Mystic Creek Series
Harrigan Family Series
Coulter Family Series
Kendrick Family Series
Other Contemporary Romance
Valance Family Series
Coulter Family Series Historical
Other Historical Titles
A drumroll reverberated through the bar, punctuating the end of the last band number. The lead country singer hooted into the microphone, the sound of his voice seeming to bounce off the walls. After tipping his Stetson to a pretty lady in red on the dance floor, he smiled and lightly strummed his guitar, leading into the next song, "She'll Leave You with a Smile." The music throbbed in the air, bearing testimony to the state-of-the-art acoustics that made Chaps the most popular country-and-western nightclub in Crystal Falls, Oregon.
Tapping the toe of his boot in time to the base guitar, Hank Coulter balanced a quarter on his thumb, took careful aim at the empty beer mug at the center of the table, and let fly. Flashing in the spiraling lights, the coin flipped end over end in a high arc, struck the edge of the glass, and bounced away. The other men sitting with Hank laughed, and someone shoved a full mug of beer toward him.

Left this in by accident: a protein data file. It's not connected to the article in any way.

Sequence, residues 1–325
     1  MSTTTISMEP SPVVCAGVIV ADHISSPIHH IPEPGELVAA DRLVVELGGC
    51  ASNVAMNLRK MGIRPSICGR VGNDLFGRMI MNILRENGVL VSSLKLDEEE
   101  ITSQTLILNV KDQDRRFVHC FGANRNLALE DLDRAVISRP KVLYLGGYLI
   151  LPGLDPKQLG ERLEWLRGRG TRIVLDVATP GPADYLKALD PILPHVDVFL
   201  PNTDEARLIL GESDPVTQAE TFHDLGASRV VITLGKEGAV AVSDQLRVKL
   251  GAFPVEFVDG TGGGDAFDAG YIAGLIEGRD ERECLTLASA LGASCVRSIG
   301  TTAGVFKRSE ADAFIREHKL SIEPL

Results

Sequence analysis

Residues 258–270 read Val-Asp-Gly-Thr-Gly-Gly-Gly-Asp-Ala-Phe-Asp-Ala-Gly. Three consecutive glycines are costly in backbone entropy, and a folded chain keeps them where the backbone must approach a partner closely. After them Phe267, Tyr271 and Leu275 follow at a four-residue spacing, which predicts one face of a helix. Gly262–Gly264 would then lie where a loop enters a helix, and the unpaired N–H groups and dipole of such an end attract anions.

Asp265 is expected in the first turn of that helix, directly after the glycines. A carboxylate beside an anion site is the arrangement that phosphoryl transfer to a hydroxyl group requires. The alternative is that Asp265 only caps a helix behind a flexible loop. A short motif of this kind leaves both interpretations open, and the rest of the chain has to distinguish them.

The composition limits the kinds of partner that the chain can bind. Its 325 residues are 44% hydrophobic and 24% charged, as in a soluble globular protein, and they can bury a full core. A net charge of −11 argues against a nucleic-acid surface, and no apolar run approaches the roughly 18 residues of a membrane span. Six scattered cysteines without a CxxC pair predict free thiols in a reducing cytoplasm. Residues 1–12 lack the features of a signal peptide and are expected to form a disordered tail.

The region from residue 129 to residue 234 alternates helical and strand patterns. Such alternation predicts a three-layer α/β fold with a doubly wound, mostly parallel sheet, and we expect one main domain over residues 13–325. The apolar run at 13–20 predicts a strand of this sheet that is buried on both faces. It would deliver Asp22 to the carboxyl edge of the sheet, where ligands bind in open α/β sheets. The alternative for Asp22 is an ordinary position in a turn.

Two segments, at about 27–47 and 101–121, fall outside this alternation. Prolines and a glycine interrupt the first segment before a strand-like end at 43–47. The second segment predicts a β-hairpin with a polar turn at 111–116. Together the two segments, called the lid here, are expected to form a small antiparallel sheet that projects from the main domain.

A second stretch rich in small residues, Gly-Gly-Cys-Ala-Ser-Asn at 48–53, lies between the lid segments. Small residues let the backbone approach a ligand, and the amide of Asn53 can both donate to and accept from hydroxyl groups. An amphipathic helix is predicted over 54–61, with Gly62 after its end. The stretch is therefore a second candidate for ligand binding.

"Chug it down, partner!"
Everyone at the table took up the chant, yelling, "Chug! Chug! Chug!"
Determined to shake off his bad mood, the result of a quarrel that afternoon with his older brother Jake, Hank laughed and started to drink. The rule of the game was to consume the beer without coming up for a breath. Foam touched his nose as he gulped. When he slapped the empty mug back down on the table, his buddies cheered. Hank wiped his mouth with his shirtsleeve.
Eric Stone, seated to his left, refilled the mug. "Go again," he ordered, yelling to be heard over the loud music.
"Pray for better aim this time, partner, or you'll be drunk on your ass before pumpkin hour. What's that make now, three?"
"Five," Hank corrected. "And getting drunk won't cut it. I've got plans for later tonight."
"Don't we all?" Eric nudged back his tan Stetson to survey the bar, his brown eyes dancing as he took inventory of the babes. "I've got dibs on that cute little brunette over there."
Hank had noticed the brunette and toyed with the thought of hitting on her later. She had a saucy smile and a way of swinging her hips that warmed a man's blood. "Go for it, son." Hank winked. "Maybe you'll get lucky."
Accepting the coin that Pete Witherspoon slid toward him, Hank took aim at the glass again. For the life of him, he couldn't recall how he'd gotten talked into tossing quarters. He came to Chaps on weekend nights to have a few laughs, toss back a few beers, and hopefully end the evening with an accommodating female. Getting drunk on his ass at so early an hour was not part of his plan, but now that the competition had commenced, he couldn't very well beg off.